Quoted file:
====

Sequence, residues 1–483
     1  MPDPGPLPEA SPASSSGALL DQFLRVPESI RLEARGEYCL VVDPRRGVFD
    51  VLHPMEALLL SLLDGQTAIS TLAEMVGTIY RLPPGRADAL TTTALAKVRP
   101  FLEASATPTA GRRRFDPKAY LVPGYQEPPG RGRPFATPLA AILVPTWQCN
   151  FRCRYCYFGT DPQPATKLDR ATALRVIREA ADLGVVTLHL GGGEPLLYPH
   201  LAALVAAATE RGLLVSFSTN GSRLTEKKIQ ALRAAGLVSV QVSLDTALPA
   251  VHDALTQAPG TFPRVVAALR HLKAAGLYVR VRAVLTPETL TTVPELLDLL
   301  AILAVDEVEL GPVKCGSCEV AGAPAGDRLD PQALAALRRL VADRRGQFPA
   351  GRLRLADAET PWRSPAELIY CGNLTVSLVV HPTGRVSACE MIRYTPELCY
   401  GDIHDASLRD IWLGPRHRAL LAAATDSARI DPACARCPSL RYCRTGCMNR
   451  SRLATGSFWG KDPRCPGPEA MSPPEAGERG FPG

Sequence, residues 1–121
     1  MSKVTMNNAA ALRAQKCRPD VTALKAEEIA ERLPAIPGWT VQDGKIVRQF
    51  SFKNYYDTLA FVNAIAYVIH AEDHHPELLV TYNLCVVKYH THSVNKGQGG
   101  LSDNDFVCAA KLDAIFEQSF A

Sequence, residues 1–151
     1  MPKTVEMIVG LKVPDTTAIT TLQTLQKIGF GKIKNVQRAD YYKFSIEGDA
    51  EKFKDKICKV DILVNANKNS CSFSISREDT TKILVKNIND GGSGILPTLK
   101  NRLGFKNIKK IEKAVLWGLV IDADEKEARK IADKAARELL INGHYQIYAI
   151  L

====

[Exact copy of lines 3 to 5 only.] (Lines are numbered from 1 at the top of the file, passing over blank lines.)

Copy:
    51  VLHPMEALLL SLLDGQTAIS TLAEMVGTIY RLPPGRADAL TTTALAKVRP
   101  FLEASATPTA GRRRFDPKAY LVPGYQEPPG RGRPFATPLA AILVPTWQCN
   151  FRCRYCYFGT DPQPATKLDR ATALRVIREA ADLGVVTLHL GGGEPLLYPH